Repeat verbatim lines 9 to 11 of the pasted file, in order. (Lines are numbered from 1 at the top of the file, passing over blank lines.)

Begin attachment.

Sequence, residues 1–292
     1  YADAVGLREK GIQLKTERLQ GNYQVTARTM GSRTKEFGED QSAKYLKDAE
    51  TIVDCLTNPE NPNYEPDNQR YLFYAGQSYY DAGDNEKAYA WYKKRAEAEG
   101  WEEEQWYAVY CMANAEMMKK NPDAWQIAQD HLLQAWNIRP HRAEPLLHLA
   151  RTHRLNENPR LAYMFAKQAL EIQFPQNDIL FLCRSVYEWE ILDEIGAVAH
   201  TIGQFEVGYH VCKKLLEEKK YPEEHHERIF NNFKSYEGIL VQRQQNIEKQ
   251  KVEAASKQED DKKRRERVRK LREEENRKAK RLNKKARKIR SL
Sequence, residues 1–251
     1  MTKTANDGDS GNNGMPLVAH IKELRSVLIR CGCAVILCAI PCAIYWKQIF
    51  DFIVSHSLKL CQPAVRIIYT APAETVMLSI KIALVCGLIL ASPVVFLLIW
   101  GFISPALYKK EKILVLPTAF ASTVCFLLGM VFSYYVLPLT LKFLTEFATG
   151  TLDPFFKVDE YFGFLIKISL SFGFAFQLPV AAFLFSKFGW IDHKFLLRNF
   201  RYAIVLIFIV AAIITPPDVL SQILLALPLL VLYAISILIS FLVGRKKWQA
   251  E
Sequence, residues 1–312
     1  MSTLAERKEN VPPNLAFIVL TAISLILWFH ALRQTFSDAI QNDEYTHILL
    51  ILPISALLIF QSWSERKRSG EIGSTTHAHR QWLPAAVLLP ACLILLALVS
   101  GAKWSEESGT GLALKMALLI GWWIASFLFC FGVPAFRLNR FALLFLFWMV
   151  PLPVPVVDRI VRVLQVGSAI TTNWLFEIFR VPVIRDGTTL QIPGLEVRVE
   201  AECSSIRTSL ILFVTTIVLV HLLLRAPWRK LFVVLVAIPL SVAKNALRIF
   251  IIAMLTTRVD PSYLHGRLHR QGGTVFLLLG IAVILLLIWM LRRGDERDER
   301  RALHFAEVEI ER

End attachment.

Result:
     1  MTKTANDGDS GNNGMPLVAH IKELRSVLIR CGCAVILCAI PCAIYWKQIF
    51  DFIVSHSLKL CQPAVRIIYT APAETVMLSI KIALVCGLIL ASPVVFLLIW
   101  GFISPALYKK EKILVLPTAF ASTVCFLLGM VFSYYVLPLT LKFLTEFATG